I spent one day in Detroit last week moderating a panel for a large Chinese industrial zone as well as for automakers. In the audience were CEOs and others seeking to understand trends in the automotive industry as they relates to China. It was a fascinating discussion.
Interestingly, while many consider China as the home of low-cost production, senior executives from companies and government officials indicated that this is changing. The low-cost advantage that China once enjoyed (at least in the East Coast cities called the Gold Coast) is starting to fade.
The Chinese are beginning to outsource to India and Africa. What is occurring is a major shift in China's economy where it will no longer be a purely low-cost manufacturing economy, but instead it will capitalize on a lower cost, highly educated labor force. Yes, Apple will make iPhones in China but that will change over time. Costs are rising.
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For example, in the city of Hangzhou, there are 6 major universities providing highly skilled professionals working for Chinese industry. Additionally, after years of professional Chinese moving to the United States to work, this trend has now begun to reverse. Many Chinese immigrants are now moving back to China to take advantage of growing opportunity in their home country.
This means that China and its economy are changing, and the impact from an economic and market standpoint are significant. Growth rates (which had been driven by low-cost production in a booming global economy) will not be 12 to 14% ever again. Even a growth rate of 8% might be optimistic as the economy transitions from exports to internal consumption. More measured growth will likely be the norm.
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It's clear that senior executives in the automotive industry find this transition to be attractive to capture the professional educated workforce graduating from Chinese universities. Selling to China's rising middle class is also perceived to be a huge opportunity. For example, Ford is opening new dealerships in China at the pace of one per week. Companies are moving business centers, research and development efforts, and other business units to China to have a presence in the Asian region and sell to the Chinese population.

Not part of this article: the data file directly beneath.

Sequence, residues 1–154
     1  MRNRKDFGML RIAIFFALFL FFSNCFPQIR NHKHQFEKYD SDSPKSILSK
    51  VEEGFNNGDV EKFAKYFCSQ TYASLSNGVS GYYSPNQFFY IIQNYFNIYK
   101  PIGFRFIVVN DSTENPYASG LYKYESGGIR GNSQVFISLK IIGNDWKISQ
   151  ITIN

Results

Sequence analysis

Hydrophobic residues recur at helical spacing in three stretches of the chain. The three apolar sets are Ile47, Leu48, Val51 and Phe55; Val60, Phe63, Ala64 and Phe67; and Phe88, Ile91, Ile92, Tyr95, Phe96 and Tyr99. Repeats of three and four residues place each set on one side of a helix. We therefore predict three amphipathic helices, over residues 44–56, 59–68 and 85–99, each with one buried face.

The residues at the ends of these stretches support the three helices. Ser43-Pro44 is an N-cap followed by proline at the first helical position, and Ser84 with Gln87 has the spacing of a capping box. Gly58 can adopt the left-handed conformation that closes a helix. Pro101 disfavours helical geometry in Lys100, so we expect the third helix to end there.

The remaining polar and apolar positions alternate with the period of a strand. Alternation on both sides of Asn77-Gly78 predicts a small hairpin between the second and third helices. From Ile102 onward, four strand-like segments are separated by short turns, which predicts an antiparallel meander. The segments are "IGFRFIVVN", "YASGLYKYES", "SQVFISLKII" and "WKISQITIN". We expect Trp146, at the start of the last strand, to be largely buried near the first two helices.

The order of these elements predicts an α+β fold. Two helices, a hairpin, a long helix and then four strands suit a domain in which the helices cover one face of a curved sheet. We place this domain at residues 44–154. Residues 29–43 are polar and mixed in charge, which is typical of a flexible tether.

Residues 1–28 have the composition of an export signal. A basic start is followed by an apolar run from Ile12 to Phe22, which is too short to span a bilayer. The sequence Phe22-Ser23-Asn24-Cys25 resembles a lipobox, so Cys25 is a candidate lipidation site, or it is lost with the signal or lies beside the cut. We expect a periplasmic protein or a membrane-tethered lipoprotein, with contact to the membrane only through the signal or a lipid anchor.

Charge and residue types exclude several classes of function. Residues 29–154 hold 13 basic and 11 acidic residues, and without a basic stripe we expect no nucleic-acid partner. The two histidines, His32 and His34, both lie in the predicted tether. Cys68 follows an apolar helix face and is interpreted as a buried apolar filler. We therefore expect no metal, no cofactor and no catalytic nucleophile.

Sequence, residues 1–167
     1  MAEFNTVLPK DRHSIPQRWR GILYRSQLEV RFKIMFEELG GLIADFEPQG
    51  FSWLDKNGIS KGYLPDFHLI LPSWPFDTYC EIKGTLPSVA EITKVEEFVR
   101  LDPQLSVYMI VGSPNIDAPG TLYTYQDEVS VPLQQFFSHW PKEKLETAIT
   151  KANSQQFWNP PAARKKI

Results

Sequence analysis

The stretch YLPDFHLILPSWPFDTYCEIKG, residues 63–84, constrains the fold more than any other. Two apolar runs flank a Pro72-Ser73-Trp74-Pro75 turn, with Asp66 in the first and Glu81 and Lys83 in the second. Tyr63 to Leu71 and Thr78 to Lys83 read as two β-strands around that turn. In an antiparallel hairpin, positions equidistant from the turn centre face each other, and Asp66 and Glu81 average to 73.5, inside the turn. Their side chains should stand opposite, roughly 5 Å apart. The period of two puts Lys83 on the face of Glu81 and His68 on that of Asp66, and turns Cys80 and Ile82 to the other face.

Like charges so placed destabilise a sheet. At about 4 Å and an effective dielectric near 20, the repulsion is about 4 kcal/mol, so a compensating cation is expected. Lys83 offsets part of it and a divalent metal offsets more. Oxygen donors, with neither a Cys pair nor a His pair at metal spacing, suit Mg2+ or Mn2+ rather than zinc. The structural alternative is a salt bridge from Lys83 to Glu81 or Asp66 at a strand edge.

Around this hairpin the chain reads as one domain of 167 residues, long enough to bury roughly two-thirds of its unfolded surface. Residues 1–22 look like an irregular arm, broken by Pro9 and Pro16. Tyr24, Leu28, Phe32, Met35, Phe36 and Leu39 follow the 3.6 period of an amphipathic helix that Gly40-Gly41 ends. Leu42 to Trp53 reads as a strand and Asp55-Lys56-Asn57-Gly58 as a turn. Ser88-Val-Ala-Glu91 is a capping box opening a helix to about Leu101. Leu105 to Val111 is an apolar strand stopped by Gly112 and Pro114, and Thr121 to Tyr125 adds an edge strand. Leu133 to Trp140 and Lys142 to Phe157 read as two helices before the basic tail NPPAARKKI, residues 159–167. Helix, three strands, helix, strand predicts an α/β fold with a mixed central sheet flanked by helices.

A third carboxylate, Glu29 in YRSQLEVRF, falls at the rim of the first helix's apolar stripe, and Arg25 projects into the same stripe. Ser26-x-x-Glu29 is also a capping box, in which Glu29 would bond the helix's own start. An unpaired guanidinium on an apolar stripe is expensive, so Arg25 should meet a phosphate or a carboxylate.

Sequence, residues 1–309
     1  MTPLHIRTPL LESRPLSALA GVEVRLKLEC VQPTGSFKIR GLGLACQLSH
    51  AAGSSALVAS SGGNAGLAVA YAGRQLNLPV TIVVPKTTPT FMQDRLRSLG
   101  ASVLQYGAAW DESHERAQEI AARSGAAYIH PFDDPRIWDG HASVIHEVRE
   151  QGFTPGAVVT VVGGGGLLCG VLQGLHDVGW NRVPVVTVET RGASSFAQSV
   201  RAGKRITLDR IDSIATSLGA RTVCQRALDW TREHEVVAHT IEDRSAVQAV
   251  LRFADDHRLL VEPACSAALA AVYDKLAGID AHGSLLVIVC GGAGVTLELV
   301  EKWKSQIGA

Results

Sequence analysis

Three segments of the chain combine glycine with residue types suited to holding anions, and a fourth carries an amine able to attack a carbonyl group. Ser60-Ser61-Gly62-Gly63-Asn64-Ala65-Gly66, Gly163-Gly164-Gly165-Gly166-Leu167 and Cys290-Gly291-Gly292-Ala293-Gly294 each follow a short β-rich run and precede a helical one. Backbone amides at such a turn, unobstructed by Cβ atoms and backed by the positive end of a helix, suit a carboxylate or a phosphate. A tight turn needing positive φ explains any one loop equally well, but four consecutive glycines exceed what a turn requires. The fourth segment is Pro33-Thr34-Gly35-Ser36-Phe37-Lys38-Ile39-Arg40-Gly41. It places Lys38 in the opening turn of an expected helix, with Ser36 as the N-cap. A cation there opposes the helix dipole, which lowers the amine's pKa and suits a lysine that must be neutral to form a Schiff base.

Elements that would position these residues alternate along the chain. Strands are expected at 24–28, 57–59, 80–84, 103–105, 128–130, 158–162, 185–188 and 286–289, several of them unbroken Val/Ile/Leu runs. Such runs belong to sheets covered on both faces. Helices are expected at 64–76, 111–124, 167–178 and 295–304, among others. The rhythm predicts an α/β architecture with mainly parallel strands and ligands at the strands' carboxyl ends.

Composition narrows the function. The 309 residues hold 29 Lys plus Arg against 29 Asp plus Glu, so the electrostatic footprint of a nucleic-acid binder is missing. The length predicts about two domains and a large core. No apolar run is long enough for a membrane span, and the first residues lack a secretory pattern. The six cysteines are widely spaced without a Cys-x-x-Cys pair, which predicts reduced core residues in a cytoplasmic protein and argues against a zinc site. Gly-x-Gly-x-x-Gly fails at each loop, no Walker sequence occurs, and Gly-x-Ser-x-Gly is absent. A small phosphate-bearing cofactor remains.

What does this mean for investors?
This transition is a positive long-term trend for the global economy. In the long-term, it is a positive for the Chinese economy. In the short-term, it means that there are uncertainties about China's economy. For that reason, investors should be cautious in loading up too much on China investments; a transition is occurring. Consider U.S. Multinationals as a safer way to play China's long term story. And don't forget other Asian countries as a potential opportunity.
The bottom line for investors is that long and short term matters when deciding on the proper weightings for your China investment plan. Its not the same old China; make sure you adjust accordingly.